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Are the Knights of Columbus Anti-gay?

Q. I recently heard that the Knights of Columbus spent over $500,000 on anti-gay literature. Where is this hatred of gays coming from? Also, can my local pastor refuse me Communion at Mass if I tell him that I am a member of Call to Action?

A. As a Knight of Columbus and the chaplain of its Council 1683, I receive considerable K of C literature. I would describe none of it as anti-gay. As an organization, they accept the Catholic Church’s teaching that homosexual people are to be respected and not discriminated against. Their public policy link at kofc.org reflects this.

Are you referring to efforts by the Knights of Columbus, through articles and ad campaigns, to keep marriage legally defined as the union of one man and one woman? In fact, that is its current legal definition in 39 states. That definition was reflected in the Defense of Marriage Act (DOMA) signed by President Bill Clinton on September 21, 1996. Last June, the US Supreme Court ruled 5-4 that DOMA was unconstitutional.

Marriage is any society’s most basic institution because it is the foundation of the family. Not every marriage will be blessed with children, but every child benefits from having loving parents of each gender. In certain circumstances, others may substitute for a child’s biological parents, but being raised by a mother and father is clearly ideal. It is neither hatred nor bigotry to point this out.

Regarding your second question, I am not aware of any diocese that indicates membership in Call to Action as disqualifying a person properly disposed from receiving Communion during Mass. There is no directive on this from the United States Conference of Catholic Bishops. People sometimes make such bans on their own authority. On the other hand, receiving Communion is not the time to make some statement other than one’s belief in the real presence of Jesus in the Eucharist.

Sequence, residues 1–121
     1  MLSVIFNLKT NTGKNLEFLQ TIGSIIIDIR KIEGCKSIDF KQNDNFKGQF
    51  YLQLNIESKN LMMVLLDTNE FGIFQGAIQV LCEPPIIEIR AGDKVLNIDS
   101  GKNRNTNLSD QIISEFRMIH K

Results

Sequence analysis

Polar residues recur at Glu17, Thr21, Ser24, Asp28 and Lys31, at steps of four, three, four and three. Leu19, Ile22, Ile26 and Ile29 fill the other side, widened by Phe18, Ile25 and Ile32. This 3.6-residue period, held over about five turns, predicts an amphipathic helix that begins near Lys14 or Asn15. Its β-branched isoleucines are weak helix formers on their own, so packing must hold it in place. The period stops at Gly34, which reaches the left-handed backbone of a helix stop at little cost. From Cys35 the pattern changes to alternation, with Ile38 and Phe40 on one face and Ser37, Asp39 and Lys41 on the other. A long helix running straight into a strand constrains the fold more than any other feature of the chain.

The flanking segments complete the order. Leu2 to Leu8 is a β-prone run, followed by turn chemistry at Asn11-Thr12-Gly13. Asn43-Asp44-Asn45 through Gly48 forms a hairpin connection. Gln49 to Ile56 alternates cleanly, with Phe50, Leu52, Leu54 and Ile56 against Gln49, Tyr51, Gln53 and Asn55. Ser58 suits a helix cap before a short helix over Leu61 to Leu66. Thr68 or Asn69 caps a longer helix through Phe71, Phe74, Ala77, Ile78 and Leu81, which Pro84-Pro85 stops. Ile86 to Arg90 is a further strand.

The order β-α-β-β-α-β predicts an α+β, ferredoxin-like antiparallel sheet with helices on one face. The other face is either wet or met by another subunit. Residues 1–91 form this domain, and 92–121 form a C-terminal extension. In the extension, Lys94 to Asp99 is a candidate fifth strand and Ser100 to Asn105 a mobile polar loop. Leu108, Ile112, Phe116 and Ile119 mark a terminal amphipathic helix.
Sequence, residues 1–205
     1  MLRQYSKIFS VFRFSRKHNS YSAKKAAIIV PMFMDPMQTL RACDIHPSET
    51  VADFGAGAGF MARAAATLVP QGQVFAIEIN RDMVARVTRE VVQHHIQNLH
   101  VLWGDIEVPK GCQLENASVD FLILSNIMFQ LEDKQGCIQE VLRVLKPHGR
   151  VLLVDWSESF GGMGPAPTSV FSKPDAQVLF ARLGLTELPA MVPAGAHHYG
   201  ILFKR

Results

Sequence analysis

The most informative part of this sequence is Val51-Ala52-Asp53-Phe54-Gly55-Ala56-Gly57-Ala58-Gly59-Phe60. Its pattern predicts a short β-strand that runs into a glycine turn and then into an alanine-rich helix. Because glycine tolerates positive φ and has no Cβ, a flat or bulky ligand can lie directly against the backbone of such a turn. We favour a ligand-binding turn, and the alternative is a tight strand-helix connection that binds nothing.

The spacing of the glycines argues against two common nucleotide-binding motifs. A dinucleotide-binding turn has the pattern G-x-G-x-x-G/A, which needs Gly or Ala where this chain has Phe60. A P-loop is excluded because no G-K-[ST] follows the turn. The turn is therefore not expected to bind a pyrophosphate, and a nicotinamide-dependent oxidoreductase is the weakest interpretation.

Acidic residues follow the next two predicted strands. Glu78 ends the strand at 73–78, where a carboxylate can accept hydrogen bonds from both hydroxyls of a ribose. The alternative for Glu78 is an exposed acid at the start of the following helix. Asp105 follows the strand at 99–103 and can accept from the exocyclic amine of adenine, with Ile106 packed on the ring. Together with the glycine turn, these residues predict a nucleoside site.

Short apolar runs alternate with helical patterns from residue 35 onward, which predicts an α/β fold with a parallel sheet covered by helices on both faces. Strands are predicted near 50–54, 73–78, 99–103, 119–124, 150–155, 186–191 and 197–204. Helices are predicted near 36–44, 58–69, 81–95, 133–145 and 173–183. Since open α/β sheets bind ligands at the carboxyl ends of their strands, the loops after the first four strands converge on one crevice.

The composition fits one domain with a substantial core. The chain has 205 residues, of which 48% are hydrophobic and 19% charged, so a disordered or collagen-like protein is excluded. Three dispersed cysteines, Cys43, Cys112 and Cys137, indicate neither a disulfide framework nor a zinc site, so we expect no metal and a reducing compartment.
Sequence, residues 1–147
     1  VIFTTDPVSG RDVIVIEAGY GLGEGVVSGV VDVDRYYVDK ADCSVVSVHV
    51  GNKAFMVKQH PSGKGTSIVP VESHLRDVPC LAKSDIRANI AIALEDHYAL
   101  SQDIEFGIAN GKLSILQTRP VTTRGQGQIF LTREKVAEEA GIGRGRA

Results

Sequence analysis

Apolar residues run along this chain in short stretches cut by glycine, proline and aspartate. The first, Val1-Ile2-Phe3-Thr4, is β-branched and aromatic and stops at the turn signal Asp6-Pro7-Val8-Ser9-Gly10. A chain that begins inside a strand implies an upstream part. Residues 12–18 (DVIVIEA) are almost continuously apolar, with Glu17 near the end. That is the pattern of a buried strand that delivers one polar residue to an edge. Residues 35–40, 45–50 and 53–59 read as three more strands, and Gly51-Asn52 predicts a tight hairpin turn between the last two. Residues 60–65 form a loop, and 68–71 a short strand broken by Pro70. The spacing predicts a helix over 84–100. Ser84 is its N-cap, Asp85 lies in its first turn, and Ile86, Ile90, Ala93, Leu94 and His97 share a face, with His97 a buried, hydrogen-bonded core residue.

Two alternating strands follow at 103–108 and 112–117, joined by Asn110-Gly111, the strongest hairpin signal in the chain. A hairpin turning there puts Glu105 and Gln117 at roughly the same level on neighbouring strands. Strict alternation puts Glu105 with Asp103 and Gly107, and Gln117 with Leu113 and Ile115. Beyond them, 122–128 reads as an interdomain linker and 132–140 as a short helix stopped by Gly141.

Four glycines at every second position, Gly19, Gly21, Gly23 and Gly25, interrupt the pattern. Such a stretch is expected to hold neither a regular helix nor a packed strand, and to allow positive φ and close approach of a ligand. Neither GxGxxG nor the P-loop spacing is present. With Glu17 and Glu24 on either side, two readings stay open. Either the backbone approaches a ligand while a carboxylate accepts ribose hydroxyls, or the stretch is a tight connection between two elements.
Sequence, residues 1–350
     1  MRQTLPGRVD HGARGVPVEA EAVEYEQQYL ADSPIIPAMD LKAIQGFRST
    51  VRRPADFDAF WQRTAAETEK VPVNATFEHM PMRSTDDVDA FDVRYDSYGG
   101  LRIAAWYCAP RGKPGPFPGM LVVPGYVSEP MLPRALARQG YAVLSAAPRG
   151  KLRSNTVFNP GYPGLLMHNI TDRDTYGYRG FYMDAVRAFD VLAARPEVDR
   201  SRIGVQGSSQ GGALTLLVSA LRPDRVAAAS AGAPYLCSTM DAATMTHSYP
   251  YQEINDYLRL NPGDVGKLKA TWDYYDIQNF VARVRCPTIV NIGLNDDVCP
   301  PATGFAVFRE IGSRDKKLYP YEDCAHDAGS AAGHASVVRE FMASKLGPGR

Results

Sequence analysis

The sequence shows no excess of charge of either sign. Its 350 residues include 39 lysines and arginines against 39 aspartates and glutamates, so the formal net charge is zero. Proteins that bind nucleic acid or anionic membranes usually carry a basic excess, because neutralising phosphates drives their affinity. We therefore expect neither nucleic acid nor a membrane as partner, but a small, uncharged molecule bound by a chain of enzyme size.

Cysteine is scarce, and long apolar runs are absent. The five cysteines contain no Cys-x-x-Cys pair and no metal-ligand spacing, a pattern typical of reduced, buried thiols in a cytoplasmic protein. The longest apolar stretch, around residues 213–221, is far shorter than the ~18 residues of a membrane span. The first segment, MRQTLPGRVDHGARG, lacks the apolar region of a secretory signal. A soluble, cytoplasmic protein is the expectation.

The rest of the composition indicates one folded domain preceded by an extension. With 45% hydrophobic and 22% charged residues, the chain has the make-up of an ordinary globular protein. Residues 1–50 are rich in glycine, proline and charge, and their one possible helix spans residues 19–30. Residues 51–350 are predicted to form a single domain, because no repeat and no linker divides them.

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1 thought on “Are the Knights of Columbus Anti-gay?”

  1. This article is not factually accurate, nor was it accurate at the time it was published in 2020. The US Supreme Court found Section 3 of DOMA (denying federal recognition of marriage to same-gender couples) to be unconstitutional in 2013, not June 2019. The entirety of DOMA was not repealed until 2022. In 2020, no states had a “legal definition” of marriage that excluded same-gender couples, as the 2015 decision in Obergefell v. Hodges rendered all such definitions at the state level unconstitutional.

    Regarding the claim that “being raised by a mother and father is clearly ideal,” Bos et al. (2016) found that “Children with female same-sex parents and different-sex parents demonstrated no differences in outcomes.” A 2014 literature review by Manning et al. stated that “To date, the consensus in the social science literature is clear: in the United States, children living with two same-sex parents fare, as well as children residing with two different-sex parents.” A 2015 literature review published by Cornell University found “75 studies concluding that children of gay or lesbian parents fare no worse than other children” compared with only four that concluded “children of gay or lesbian parents face added disadvantages.” Given the wealth of research on this issue, I would not describe “being raised by a mother and father” as “clearly ideal”—this assertion is at best unclear and opposes the overwhelming opinion of scientists who have studied the issue from many different angles.

    Whatever one’s personal religious beliefs about the legitimacy of same-gender marriage, there is no need to share false information to attempt to justify these beliefs to those who disagree. Shouldn’t one’s faith be enough?

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